Philip Hensher: The simple and terrifying task of filling a space

The Tate's Turbine Hall offers a brilliant opportunity for artists to compare their own abilities
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The Independent Online

The Unilever commissions for the Turbine Hall at Tate Modern are turning out to be one of the most interesting developments in contemporary art anywhere in the world. The latest commission, from that fascinating artist Rachel Whiteread, fills the gigantic space with mountains of translucent casts of the insides of cardboard boxes. Piled up into ziggurats, they resemble cities made out of clouds, icebergs, the utmost peak of gigantic mountains. It's an ingenious and successful solution to a considerable problem.

But what is interesting about this series of commissions is that every artist has faced exactly the same problem. The space of the Turbine Hall is an intensely dramatic one. It is a simple, easily graspable shape, but - as the visitor progresses into the space - it reveals itself as so colossal that hardly any art can reasonably be expected to fill it. Each commissioned artist has had to think of a unique solution to this wonderful space; each one, as time has gone on, has found himself competing with his predecessors. There is no overt competition involved; nevertheless, this immense technical challenge has allowed us to compare the imaginative ingenuity of a succession of artists in unforgiving ways.

It has taken time for artists to understand the nature of the problem - let alone come up with satisfactory solutions - and in the meantime some very good artists have come a bit of a cropper. The commissions which haven't really worked are the ones where an artist tried to fill the space with a colossal object. Louise Bourgeois, that brilliant artist, was the first. Her structures, enormous in any other context, failed to engage with the space at all.

Another surprising failure was Anish Kapoor, who tried to articulate the entire gigantic space with a swooping, lily-like construction, stretching from one end of the hall to the other. Dramatic as it was, it somehow failed to do more than occupy the area, and it made you realise that there is no point in the colossal if you can't retreat from it and see it from an imposing distance.

After that, I think, artists have really started to come to terms with the space. Olafur Eliasson's enormous glowing sun, an artwork which seemed to say that the space was so enormous it might have its own weather system, worked by paying, above all, a compliment to the room itself. It was justifiably the most popular of the exhibits and people soon took to lying down on the floor to see themselves reflected on the mirrored ceiling.

Bruce Naumann's commission was much criticised at the time for its apparent lack of ambition, but actually it was one of the most effective in articulating the entire space. All it was was a series of loudspeakers, repeating individual snatches of speech. The hall was filled with layers of noise; the real-life hum of talking visitors, the confused babble of the combined fragments, and, as you walked past each pair, the sudden clarity of an observation, often absurd but lucid. Somehow, once the space was emptied of the physical, filled with disembodied babble, the proportions of it emerged with a most beautiful clarity.

And now the accretions and collapses of Ms Whiteread's contribution. The reason the Turbine Hall commissions are proving so fascinating is that they run directly counter to the whole tendency of art over the last 100 years or so. There's been an increasing freedom offered to visual artists, writers, and composers; what this has meant, in practice, is not that individual artists operate within a context of complete freedom, but that they evolve their own sets of rules and conventions. Which may not be the same as anyone else's.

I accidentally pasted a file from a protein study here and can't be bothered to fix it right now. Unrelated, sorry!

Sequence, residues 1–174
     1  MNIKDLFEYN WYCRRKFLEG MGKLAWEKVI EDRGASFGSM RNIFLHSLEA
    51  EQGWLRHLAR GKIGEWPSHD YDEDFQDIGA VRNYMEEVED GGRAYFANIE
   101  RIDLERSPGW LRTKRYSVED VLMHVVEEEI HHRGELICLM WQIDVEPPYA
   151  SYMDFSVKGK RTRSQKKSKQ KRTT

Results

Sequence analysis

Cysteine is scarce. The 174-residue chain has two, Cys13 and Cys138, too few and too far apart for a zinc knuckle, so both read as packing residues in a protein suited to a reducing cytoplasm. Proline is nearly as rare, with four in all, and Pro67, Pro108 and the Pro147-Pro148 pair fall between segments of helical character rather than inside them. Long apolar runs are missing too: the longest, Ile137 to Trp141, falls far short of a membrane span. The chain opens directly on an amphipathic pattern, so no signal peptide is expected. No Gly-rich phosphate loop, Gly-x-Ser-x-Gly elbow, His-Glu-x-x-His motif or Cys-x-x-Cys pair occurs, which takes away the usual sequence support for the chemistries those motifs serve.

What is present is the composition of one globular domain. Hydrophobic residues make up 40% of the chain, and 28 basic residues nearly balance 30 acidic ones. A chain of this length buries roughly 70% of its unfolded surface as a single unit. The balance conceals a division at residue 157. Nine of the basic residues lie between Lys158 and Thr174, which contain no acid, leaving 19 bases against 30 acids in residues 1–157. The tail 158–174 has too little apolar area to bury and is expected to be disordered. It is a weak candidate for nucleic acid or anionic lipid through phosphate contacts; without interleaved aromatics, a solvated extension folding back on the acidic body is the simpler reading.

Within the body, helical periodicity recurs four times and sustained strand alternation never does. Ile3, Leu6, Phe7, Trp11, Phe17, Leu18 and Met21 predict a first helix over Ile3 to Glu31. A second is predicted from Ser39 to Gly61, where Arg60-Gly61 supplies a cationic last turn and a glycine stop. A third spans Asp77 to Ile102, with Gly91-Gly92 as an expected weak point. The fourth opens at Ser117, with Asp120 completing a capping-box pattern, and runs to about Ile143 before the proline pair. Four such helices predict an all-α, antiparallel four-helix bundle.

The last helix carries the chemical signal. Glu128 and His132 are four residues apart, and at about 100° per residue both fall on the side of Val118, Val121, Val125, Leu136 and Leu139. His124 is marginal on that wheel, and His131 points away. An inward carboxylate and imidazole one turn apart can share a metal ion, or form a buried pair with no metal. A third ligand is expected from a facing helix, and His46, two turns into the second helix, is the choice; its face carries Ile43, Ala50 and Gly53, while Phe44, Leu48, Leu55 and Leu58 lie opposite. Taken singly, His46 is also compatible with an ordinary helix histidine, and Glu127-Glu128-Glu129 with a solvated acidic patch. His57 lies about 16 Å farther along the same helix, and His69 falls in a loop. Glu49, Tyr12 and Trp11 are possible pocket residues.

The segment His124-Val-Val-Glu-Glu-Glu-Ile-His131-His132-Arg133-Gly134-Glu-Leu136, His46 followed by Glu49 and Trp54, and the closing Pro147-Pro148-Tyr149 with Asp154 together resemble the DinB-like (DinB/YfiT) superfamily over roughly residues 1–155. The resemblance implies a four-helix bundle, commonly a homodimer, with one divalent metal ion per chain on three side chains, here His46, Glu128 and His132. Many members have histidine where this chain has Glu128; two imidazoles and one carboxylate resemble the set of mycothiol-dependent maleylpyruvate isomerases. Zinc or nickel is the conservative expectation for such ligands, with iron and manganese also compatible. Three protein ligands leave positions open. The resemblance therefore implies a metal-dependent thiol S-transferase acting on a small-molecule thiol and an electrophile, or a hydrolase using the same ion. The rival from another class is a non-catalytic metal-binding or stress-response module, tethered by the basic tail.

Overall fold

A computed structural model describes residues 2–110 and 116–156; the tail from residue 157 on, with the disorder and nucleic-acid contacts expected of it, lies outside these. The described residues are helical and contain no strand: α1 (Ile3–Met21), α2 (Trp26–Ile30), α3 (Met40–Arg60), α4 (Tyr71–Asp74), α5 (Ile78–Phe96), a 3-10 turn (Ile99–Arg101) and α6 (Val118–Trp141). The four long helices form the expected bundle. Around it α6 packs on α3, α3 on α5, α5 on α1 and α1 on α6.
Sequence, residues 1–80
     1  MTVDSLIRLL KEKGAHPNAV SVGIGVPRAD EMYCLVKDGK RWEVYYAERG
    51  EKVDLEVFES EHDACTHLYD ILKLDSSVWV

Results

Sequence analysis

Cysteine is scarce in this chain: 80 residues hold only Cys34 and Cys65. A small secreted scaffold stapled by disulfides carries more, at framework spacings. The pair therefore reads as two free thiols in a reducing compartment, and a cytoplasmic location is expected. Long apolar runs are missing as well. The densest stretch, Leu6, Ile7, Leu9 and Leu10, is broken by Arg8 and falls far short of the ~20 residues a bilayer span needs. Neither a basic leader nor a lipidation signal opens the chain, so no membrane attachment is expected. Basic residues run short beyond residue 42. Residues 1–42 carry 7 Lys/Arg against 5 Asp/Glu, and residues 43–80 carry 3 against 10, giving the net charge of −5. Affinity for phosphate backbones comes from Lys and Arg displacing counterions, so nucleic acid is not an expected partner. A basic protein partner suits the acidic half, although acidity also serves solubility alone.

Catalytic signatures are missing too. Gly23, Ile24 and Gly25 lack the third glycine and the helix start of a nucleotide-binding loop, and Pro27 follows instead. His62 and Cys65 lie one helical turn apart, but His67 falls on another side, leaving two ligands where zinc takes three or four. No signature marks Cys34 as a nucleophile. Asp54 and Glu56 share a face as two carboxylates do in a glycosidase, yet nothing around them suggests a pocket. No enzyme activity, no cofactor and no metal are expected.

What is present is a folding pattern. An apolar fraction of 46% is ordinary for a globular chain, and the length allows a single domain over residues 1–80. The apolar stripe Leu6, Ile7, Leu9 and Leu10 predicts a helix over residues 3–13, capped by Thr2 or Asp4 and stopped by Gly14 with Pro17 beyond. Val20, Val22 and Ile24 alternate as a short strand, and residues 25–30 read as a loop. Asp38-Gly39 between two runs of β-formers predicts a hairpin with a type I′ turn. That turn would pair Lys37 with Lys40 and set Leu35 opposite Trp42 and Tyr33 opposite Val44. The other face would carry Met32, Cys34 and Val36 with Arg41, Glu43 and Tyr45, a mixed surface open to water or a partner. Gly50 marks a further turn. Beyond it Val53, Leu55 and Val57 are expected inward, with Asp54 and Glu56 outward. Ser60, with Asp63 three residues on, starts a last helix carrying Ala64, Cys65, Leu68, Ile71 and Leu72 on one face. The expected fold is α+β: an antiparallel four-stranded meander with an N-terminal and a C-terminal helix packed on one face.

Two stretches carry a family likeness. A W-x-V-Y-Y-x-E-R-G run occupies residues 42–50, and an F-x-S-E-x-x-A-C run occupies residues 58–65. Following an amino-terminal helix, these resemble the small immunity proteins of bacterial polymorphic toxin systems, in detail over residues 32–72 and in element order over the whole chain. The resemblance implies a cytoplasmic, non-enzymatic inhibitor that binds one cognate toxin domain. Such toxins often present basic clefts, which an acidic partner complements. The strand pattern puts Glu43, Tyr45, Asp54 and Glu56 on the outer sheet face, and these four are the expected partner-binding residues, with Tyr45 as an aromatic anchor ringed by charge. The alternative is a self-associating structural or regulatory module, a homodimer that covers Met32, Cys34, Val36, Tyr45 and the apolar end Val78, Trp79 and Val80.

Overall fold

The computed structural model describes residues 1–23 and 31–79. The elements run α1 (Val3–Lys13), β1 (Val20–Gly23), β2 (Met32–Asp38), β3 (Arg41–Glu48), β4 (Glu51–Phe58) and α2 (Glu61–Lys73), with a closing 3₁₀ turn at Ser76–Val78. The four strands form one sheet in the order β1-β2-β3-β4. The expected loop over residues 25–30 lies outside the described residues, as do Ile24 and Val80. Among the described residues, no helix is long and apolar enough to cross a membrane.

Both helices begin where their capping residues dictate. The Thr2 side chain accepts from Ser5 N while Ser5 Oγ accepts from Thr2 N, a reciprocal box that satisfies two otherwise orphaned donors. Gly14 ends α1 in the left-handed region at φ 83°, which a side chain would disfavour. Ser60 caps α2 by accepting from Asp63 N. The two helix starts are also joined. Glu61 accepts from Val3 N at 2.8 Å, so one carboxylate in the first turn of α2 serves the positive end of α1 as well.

A century and a half ago, one could have readily and unselfconsciously compared sonnets by different poets; an Italian landscape by different painters; a sonata-form concerto movement by different composers. Now, their descendants may choose to work in conventional forms, but they are unlikely to constitute the backbone of anyone's work and, in any case, it is most improbable that you would be able to compare similar formal ventures.

These days, where there is no automatically shared common formal language except a historical one, anyone trying to compare different practitioners of the same art is reduced to vague questions about how well they've been able to carry out their own intentions. I don't say that this is necessarily a bad thing; I personally wouldn't want to live in a world where every composer was still writing symphonies in B flat major with second subjects in F major. I like the looser inventiveness with which we now live.

But the Turbine Hall commissions do offer a brilliant opportunity for artists to compare their abilities when faced with exactly the same challenge. Here is an enormous space, with its own intrinsic interest. What can I do that will make an impact here; how can I give the sense that it is my imagination, not just a big thing, filling this beautiful arena?

It is a daunting commission to accept. Not just because it's an immense technical challenge, but because it does away, at a stroke, with one of the most effective defences of modern art against criticism: you can't denigrate my work, because I'm not only not doing what you think art should, but because I'm not doing what any other artist is doing. Here, the artists are doing what other artists have tried, and sometimes failed to do. It's the simplest and most frightening task imaginable; to fill a space.